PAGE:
In the United States in 2010, however, there was wide disagreement between the Republicans and Democrats because the minority party has been voting as a bloc against major legislation, according to James Fallows in The Atlantic. In 2010, the minority party has the ability to "discipline its ranks" so that none join the majority, and this situation in the Congress is unprecedented, according to Fallows. He sees this inability to have bipartisanship as evidence of a "structural failure of American government."[4] Adviser to President Obama, Rahm Emanuel, said the period from 2008–2010 was marked by extreme partisanship.[11] After the U.S. elections of 2010, with sizeable gains by Republicans in the House and Senate, analyst Charles Babington of the Associated Press suggested that both parties remained far apart on major issues such as immigration and Medicare while there may be chances for agreement about lesser issues such as electric cars, nuclear power, and tax breaks for businesses; Babington was not optimistic about chances for bipartisanship on major issues in the next few years.[12] While analyst Benedict Carey writing in The New York Times agrees political analysts tend to agree that government will continue to be divided and marked by paralysis and feuding, there was research suggesting that humans have a "profound capacity through which vicious adversaries can form alliances," according to Berkeley professor Dacher Keltner.[13]

A call for bipartisanship is often made by presidents who "can't get their way in Congress," according to one view.[14] Military policies of the Cold War and actions like the Iraq War were promoted and supported, through the mass media, as bipartisan acts.[15]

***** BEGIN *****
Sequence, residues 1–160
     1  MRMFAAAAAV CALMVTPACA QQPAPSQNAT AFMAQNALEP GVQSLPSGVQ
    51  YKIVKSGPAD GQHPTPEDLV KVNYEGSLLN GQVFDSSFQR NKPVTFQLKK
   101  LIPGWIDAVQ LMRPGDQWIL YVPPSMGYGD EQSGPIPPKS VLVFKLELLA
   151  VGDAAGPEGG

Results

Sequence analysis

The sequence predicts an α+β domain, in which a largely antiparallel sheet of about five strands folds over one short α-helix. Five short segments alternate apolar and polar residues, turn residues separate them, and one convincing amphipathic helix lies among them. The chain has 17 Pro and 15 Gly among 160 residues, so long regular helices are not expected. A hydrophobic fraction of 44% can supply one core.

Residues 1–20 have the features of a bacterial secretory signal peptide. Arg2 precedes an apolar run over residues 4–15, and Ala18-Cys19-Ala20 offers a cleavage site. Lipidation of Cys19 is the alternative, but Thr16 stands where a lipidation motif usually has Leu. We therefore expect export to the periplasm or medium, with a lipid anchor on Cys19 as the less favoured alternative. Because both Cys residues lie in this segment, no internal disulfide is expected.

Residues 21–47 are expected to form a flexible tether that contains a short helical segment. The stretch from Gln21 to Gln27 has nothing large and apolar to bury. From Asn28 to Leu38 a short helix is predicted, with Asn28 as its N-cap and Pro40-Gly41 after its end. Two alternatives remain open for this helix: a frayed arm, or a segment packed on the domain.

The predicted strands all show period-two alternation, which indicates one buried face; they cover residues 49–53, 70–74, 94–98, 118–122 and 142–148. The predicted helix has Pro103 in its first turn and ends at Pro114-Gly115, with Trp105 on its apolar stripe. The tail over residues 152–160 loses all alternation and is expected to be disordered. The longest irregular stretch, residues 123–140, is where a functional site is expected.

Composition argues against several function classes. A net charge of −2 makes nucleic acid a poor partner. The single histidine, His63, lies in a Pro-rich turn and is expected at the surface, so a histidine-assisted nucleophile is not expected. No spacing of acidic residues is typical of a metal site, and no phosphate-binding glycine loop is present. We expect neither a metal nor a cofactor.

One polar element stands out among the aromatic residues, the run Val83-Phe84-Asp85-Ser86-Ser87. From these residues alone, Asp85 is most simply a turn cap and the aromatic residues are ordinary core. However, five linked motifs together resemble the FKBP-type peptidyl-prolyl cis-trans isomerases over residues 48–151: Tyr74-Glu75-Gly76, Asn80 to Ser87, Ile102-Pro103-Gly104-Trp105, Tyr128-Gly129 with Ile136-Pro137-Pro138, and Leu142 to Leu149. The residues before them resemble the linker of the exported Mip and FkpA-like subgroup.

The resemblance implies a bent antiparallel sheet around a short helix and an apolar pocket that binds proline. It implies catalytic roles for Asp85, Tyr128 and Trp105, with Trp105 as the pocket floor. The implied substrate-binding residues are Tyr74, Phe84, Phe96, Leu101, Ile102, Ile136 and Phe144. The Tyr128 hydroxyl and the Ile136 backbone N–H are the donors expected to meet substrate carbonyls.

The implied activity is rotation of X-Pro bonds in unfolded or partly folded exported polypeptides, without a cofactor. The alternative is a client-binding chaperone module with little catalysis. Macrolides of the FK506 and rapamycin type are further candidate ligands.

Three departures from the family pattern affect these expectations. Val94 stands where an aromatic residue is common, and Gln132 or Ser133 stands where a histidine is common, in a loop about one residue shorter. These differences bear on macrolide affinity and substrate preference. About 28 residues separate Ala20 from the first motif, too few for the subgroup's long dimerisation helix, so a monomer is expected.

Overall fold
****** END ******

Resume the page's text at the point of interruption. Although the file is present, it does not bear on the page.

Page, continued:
Bipartisanship has been criticized because it can obscure the differences between parties, making voting for candidates based on policies difficult in a democracy.[16] Additionally, the concept of bipartisanship has been criticized as discouraging agreements between more than two parties, thus exercising a tyranny of the majority by forcing voters to side with one of the two largest parties.


  1. ^ Dan Froomkin (April 30, 2009). "What Bipartisanship Is -- and Isn't". The Washington Post. Retrieved 2010-11-01.
  2. ^ Carl Hulse; Adam Nagourney (March 16, 2010). "Senate G.O.P. Leader Finds Weapon in Unity". The New York Times. Retrieved 2010-11-01.
  3. ^ Monitor editorial board (October 26, 2010). "After the midterm elections, who will drive bipartisanship?". The Christian Science Monitor. Retrieved 2010-11-01.
  4. ^ a b James Fallows (February 1, 2010). "Why bipartisanship can't work: the expert view". The Atlantic. Retrieved 2010-11-01.
  5. ^ Anne Applebaum (June 1, 2010). "Can the Brits learn bipartisanship?". The Washington Post. Retrieved 2010-11-01.
  6. ^ a b Robert Siegel (October 21, 2010). "Sen. Cornyn On Bipartisanship, Health Care". NPR. Retrieved 2010-11-01.
  7. ^ Rawal, Purva H. (2016). The Affordable Care Act: Examining the Facts. Santa Barbara, CA: ABC-CLIO. pp. 6–8, 17–18. ISBN 9781440834424.
  8. ^ John R. Bohrer (September 30, 2009). "Because Bipartisanship Is Dead Until 2011: A Defense of Senate Moderates". HuffPost. Retrieved 2010-11-01.
  9. ^ Collier, Ellen (2011). Bipartisanship & the Making of Foreign Policy: A Historical Survey. Bloomington, IN: Xlibris Corporation. p. 9. ISBN 9781462844388.
  10. ^ Wright, George V. (1989). African Studies Newsletter, Volume 11. Chico, CA: African Studies Association. p. 53.
  11. ^ Linda Feldmann (June 25, 2009). "Rahm Emanuel redefines bipartisanship". The Christian Science Monitor. Retrieved 2010-11-01.
  12. ^ Charles Babington (November 4, 2010). "Election doesn't end major discord for GOP, Obama". Associated Press. Archived from the original on November 7, 2010. Retrieved 2010-11-04 – via Yahoo! News.
  13. ^ Benedict Carey (November 4, 2010). "Cede Political Turf? Never! Well, Maybe". The New York Times. Retrieved 2010-11-04.
  14. ^ Mark Knoller (February 9, 2010). "Obama Says Bipartisanship, But What He Wants Is GOP Surrender". CBS News. Retrieved 2010-11-01.
  15. ^ Rhonda Hammer; Douglas Kellner (2009). Media/Cultural Studies: Critical Approaches. Peter Lang. p. 463. ISBN 9780820495262.
  16. ^ Sam Haselby (March 22, 2009). "Divided we stand: The problem with bipartisanship". The Boston Globe. Retrieved 2010-11-02.